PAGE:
In Parham, the Supreme Court held that the admission of minors to state mental health facilities by their parents was constitutional so long as an "inquiry [was] made by a 'neutral factfinder' to determine whether the statutory requirements for admission [were] satisfied." 442 U.S. at 606, 99 S.Ct. at 2506. The court found that a formal or informal hearing was not required, and explicitly endorsed the use of informal, traditional medical investigative techniques. 442 U.S. at 607, 99 S.Ct. at 2506. However, we do not view Parham as controlling. The Court in Parham was concerned with the commitment of minor children, and its conclusions flow more or less naturally from the unique and traditional relationship shared between parent and child. 442 U.S. at 602-03, 99 S.Ct. at 2504-05; Clark v. Cohen, 613 F.Supp. at 699. "Once someone becomes an adult, one's parents lose that degree of authority found so crucial in Parham." Clark, 613 F.Supp. at 699. Moreover, the interest of the parents in avoiding "significant intrusion into the parent-child relationship," as noted in Parham, 442 U.S. at 610, 99 S.Ct. at 2508, is simply not as great in the case of an adult.


We recognize that the decision to commit a person because of mental retardation is, to a large degree, medical in nature. As noted in Parham, "neither judges nor administrative hearing officers are better qualified than psychiatrists to render psychiatric judgments." 442 U.S. at 607, 99 S.Ct. at 2507. However, "[t]he medical nature of the inquiry ... does not justify dispensing with due process requirements. It is precisely the subtleties and nuances of psychiatric diagnoses that justify the requirement of adversary hearings." Vitek v. Jones, 445 U.S. at 495, 100 S.Ct. at 1265. Although dispensing with an adversary proceeding may be justified in the case of a child, we cannot conclude that adults stand in the same position.


However, we also cannot agree with the conclusion of the district court that, because Parham is not controlling, due process requires that adults who are involuntarily committed are entitled to a judicial hearing. Although, as a matter of policy, precommitment review by a judicial officer would ensure the most vigorous protection of the mentally retarded, and thus, might be preferable, it has been noted in a variety of situations that due process does not require that the neutral trier of fact be legally trained or a judicial or administrative officer. Parham, 442 U.S. at 607, 99 S.Ct. at 2506; Morrissey v. Brewer, 408 U.S. 471, 489, 92 S.Ct. 2593, 2604, 33 L.Ed.2d 484 (1972) (parole revocation hearing); Goldberg v. Kelly, 397 U.S. 254, 271, 90 S.Ct. 1011, 1022, 25 L.Ed.2d 287 (1970) (hearing prior to termination of AFDC benefits).


In identifying those procedures which are required to ensure due process, we are guided by the Supreme Court's opinion in Vitek v. Jones, 445 U.S. 480, 100 S.Ct. 1254, 63 L.Ed.2d 552 (1980). In Vitek, a convicted felon was transferred from a state prison to a mental facility under a state statute which allowed the Director of Correctional Services to effectuate such a transfer upon a finding by a designated physician or psychiatrist that a prisoner "suffers from a mental disease or defect" and "cannot be given proper treatment" in the prison itself. 445 U.S. at 483-84, 100 S.Ct. at 1258-59. In affirming the district court's holding that the statute, as applied to the prisoner, deprived him of due process, the Supreme Court approved the district court's requirement of the following minimum procedures:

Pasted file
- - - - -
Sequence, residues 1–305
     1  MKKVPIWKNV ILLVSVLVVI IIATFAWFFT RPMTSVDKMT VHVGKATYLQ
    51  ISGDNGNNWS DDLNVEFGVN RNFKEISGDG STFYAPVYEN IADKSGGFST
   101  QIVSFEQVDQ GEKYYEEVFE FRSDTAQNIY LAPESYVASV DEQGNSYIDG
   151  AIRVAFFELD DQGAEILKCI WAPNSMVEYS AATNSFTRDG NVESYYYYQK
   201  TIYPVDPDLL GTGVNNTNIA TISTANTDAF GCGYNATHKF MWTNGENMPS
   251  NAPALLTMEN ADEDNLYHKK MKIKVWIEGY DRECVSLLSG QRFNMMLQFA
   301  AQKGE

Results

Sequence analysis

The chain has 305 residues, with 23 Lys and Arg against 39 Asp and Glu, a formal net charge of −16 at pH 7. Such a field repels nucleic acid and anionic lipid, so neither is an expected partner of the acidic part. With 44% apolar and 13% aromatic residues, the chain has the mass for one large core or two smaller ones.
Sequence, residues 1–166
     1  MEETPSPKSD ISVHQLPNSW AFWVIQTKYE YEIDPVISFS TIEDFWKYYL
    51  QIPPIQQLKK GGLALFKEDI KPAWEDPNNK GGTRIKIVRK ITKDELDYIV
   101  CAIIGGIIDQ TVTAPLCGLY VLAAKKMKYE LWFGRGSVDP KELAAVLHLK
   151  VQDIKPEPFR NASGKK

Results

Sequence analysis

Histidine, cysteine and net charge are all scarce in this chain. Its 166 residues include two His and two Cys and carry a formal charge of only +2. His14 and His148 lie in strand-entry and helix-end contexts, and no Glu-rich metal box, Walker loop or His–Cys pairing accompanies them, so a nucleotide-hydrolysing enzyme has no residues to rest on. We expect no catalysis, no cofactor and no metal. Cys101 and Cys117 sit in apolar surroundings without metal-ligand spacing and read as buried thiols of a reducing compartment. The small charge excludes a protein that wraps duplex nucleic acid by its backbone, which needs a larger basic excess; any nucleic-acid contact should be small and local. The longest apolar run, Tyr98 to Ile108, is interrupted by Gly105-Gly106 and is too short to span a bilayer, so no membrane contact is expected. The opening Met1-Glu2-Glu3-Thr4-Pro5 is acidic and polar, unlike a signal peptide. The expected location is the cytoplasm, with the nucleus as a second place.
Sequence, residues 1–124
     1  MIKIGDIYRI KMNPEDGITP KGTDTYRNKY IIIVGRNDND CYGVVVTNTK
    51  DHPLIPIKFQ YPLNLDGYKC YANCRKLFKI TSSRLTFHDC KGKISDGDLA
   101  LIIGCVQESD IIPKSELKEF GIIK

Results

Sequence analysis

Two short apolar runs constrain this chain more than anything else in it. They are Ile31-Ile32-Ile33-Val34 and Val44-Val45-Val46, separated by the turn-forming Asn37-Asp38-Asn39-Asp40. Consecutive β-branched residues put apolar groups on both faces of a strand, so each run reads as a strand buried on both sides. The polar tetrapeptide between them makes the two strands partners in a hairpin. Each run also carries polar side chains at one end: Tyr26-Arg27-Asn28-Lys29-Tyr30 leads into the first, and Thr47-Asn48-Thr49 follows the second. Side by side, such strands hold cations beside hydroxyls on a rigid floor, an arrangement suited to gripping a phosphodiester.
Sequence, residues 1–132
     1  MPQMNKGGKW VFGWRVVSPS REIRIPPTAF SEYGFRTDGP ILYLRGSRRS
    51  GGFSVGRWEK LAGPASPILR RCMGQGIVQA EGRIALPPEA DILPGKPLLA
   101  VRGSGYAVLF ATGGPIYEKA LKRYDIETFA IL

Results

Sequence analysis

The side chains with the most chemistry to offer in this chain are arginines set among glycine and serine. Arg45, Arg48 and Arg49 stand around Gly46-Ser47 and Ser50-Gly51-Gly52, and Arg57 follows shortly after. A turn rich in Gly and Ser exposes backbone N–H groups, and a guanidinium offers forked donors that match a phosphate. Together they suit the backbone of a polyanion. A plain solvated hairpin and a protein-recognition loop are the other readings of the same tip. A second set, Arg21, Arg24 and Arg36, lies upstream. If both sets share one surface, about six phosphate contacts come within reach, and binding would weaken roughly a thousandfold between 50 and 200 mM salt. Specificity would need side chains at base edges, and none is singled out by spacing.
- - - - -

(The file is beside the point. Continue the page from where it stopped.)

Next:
1. Written notice to the prisoner that a transfer to a mental hospital is being considered;


2. A hearing, sufficiently after the notice to permit the prisoner to prepare, at which disclosure to the prisoner is made of the evidence being relied upon for the transfer and at which an opportunity to be heard in person and to present documentary evidence is given;


3. An opportunity at the hearing to present testimony of witnesses by the defense and to confront and cross-examine witnesses called by the State;

4. An independent decisionmaker;6


5. A written statement by the factfinder as to the evidence relied on and the reasons for transferring the inmate;


6. Qualified and independent assistance must be provided to the inmate.


445 U.S. at 494-95, 100 S.Ct. at 1264-65.


Without question, due process requires that mentally retarded adults in Kentucky receive, at a minimum, the procedural safeguards listed above. If these basic safeguards are required before an inmate is transferred from a prison to a mental hospital, surely a person thought to be mentally retarded must be afforded at least the same level of protection before being removed from an ostensibly unfettered existence in society to the confines of an institution. See Morris, The Supreme Court Examines Civil Commitment Issues: A Retrospective and Prospective Assessment, 60 Tul.L.Rev. 927, 942 (1986).